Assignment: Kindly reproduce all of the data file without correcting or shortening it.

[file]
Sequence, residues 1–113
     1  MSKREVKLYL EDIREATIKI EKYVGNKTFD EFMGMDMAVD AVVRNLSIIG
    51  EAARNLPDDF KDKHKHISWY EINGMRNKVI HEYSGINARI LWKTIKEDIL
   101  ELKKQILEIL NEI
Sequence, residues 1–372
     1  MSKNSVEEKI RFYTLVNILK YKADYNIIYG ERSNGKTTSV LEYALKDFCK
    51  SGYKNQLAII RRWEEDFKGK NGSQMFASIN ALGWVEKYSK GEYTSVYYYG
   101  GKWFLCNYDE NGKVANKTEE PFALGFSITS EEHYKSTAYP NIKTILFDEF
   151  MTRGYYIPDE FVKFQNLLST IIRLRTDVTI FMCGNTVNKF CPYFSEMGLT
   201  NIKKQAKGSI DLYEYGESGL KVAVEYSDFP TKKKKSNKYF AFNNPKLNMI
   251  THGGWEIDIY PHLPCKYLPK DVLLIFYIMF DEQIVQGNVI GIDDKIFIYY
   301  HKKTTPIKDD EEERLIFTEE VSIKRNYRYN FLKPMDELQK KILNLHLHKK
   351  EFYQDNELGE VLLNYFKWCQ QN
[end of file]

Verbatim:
Sequence, residues 1–113
     1  MSKREVKLYL EDIREATIKI EKYVGNKTFD EFMGMDMAVD AVVRNLSIIG
    51  EAARNLPDDF KDKHKHISWY EINGMRNKVI HEYSGINARI LWKTIKEDIL
   101  ELKKQILEIL NEI
Sequence, residues 1–372
     1  MSKNSVEEKI RFYTLVNILK YKADYNIIYG ERSNGKTTSV LEYALKDFCK
    51  SGYKNQLAII RRWEEDFKGK NGSQMFASIN ALGWVEKYSK GEYTSVYYYG
   101  GKWFLCNYDE NGKVANKTEE PFALGFSITS EEHYKSTAYP NIKTILFDEF
   151  MTRGYYIPDE FVKFQNLLST IIRLRTDVTI FMCGNTVNKF CPYFSEMGLT
   201  NIKKQAKGSI DLYEYGESGL KVAVEYSDFP TKKKKSNKYF AFNNPKLNMI
   251  THGGWEIDIY PHLPCKYLPK DVLLIFYIMF DEQIVQGNVI GIDDKIFIYY
   301  HKKTTPIKDD EEERLIFTEE VSIKRNYRYN FLKPMDELQK KILNLHLHKK
   351  EFYQDNELGE VLLNYFKWCQ QN